6 Challenges of Multi-Site Maintenance Management

We believe that the priority as a facility manager is building occupant health, safety, comfort, and overall well-being. If you take care of the building and all its systems, the occupants will thrive.

This becomes increasingly challenging to manage when you have multiple buildings that are geographically dispersed across a region. If you are in the position of managing the facilities in such a portfolio, you will likely relate to the follow list of challenges.

We get it. And we have some pointers…

Having a presence at all sites on a regular basis.

When buildings are dispersed, inspections often fall to the wayside for a variety of reasons – most of them due to a perceived lack of time. Experiencing the environment with your own expert senses on a regular basis is necessary to stay astute to potential issues.  Additionally, building occupants want to see the facility manager present as it gives them a sense of comfort and assurance that the building they spend significant time in is well cared for.

FM Pro Tip:  Schedule a walk-through once a month at minimum. Several factors will impact the frequency of on-site visits required. By being on site, you can be more proactive, which will afford you more time in the end.

System Integration.

Mechanical, security, and life safety systems and equipment have a significant impact on building occupant’s health, safety, comfort, and overall well-being.  In a perfect world, the building systems across the portfolio would all integrate into a centralized location.  The ability to monitor these systems remotely offers immediate action when these systems are not functioning properly.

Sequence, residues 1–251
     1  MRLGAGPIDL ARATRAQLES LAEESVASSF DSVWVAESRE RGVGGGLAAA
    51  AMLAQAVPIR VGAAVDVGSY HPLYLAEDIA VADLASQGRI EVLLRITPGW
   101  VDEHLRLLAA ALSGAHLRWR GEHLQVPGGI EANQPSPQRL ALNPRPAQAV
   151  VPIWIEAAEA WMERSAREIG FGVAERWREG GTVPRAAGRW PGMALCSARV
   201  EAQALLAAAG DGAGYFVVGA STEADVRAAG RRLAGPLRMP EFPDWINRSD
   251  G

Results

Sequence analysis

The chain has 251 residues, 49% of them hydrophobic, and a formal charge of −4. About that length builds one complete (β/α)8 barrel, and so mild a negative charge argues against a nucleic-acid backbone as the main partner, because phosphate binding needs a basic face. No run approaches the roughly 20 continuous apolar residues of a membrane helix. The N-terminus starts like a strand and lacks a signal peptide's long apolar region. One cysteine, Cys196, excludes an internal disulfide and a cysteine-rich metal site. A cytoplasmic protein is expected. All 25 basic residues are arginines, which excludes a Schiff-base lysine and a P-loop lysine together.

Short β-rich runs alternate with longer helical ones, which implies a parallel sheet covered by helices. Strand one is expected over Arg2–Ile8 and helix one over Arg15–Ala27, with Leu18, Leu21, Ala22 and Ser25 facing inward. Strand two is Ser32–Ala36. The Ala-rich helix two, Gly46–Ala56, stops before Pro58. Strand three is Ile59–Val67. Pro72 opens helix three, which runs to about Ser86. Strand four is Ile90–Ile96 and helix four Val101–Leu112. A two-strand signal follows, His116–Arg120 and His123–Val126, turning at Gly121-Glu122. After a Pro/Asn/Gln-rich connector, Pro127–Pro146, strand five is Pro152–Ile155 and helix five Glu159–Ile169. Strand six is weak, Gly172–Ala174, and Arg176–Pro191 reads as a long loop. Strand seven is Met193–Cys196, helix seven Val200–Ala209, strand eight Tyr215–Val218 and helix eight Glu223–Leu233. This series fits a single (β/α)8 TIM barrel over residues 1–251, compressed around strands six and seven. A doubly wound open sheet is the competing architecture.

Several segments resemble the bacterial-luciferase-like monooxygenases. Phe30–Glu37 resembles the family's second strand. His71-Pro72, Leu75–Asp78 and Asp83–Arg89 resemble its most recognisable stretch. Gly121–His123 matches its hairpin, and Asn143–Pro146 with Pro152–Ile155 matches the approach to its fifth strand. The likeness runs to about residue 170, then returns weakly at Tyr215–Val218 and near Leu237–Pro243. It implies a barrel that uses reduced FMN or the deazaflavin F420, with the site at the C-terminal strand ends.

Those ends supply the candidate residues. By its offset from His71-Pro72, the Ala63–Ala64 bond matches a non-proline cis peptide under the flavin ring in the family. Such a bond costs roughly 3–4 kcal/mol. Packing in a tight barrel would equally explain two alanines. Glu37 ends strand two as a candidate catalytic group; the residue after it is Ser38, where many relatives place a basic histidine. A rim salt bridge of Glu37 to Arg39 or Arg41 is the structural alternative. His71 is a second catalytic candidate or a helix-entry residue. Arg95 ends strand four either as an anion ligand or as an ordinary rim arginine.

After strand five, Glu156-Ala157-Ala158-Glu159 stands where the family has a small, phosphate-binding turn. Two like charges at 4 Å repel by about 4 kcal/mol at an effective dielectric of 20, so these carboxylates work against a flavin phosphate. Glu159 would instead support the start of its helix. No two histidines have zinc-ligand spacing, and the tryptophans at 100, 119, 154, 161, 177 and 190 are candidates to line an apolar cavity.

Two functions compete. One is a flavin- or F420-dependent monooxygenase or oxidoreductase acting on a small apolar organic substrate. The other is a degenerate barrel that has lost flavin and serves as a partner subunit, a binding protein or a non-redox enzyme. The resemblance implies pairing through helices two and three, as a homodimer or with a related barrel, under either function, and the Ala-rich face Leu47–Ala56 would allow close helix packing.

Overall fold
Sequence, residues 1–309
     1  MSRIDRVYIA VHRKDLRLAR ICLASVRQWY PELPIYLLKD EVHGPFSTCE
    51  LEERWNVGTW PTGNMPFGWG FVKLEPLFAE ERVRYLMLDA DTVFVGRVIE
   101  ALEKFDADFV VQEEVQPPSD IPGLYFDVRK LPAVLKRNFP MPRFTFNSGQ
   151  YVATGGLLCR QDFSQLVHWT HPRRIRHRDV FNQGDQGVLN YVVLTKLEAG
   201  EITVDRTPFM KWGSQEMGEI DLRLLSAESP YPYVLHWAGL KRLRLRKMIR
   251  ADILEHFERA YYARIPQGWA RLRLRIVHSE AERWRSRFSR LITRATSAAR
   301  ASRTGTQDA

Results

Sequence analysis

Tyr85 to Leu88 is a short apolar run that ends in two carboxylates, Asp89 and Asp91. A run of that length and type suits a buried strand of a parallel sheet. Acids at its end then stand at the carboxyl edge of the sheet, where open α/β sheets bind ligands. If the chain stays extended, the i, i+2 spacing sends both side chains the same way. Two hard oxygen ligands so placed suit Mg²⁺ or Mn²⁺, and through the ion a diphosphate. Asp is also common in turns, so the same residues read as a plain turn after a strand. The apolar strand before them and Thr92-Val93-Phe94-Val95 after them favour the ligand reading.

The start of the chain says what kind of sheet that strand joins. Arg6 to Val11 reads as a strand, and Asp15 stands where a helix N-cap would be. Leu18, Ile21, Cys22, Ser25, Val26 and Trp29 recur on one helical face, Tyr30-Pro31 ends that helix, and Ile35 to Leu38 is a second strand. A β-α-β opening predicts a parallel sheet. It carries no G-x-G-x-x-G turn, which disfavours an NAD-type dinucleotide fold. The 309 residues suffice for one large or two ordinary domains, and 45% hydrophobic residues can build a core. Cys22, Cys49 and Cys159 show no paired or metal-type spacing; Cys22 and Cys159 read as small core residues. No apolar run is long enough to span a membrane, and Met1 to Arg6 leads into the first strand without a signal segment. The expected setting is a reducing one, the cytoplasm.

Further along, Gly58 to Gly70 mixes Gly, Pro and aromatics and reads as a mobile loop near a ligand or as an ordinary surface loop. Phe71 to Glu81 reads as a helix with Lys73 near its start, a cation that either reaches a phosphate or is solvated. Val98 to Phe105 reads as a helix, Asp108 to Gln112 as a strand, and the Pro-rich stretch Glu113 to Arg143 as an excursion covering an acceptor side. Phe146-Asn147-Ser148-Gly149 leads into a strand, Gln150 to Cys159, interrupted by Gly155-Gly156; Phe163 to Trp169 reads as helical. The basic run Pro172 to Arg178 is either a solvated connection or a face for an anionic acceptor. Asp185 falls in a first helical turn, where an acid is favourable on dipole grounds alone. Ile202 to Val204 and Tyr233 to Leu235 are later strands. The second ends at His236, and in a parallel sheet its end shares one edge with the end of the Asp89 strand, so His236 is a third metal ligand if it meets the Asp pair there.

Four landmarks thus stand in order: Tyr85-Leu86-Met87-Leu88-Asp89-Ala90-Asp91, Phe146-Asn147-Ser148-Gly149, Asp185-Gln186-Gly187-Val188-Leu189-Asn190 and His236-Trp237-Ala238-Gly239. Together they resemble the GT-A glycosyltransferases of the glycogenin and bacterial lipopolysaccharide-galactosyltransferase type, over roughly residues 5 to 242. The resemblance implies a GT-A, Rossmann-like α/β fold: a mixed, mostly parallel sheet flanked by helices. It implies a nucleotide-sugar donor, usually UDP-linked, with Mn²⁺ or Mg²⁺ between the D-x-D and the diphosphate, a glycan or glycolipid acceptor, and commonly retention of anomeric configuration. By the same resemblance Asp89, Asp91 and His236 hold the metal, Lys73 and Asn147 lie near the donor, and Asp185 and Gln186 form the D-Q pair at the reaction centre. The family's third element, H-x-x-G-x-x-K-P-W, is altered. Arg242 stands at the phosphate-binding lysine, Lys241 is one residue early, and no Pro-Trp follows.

FM Pro Tip: Monitor energy consumption across multiple sites to drive cost savings.

Monitoring and tracking of work orders.

Like system integrations, the more centralized information is, the easier it will be to manage. An organized work order system will allow facility managers to prioritize and assign work.

FM Pro Tip: Read our 8 Reasons to Keep Thorough Track of Work Orders.

Depth in trade coverage.

For a single building in an urban area, a small list of trade contractors can cover the needs of your building – even in an emergency. For companies with properties that are geographically dispersed, that list of contractors needs to be much longer to cover the needs of all properties. There may also be a shortage of trade contractors available in more rural areas.

FM Pro Tip: Source multiple contractors to cover each of your core trades in each of your markets: Plumbing, HVAC, Electrical, and Handyman. Continuously build your contact list so you have backup resources in case of emergency.

Balancing varying cultures and occupant expectations.

Every building is unique and so are the occupants. The key to success is in constant communication of your expectations, often in the form of a formal facility department related training.

FM Pro Tip: Host regular training and retraining on how to submit work orders, who the facility point of contact is, and what response times to expect.

Managing incidentals.

Items pop up over the course of the day that are not always in our control. Emergencies, last minute event set up, and unexpected repairs can all throw off our schedule.  Spread this across sites and geography and imagine how quickly a day is consumed by reactive work.

FM Pro Tip: Be proactive. Plan ahead. Keep your priorities straight. And always schedule flexible time for reactive work. Most importantly, according to one of our own seasoned Facility Managers…

“Don’t promise the impossible.” – Frank P.


If you’re struggling in any of these areas, it’s time to conduct a facilities assessment. ONE SOURCE is here to help! Call today to schedule a FREE facilities assessment conducted by our expert team.

ONE SOURCE proudly serves the Northeast


Mariel Nowack

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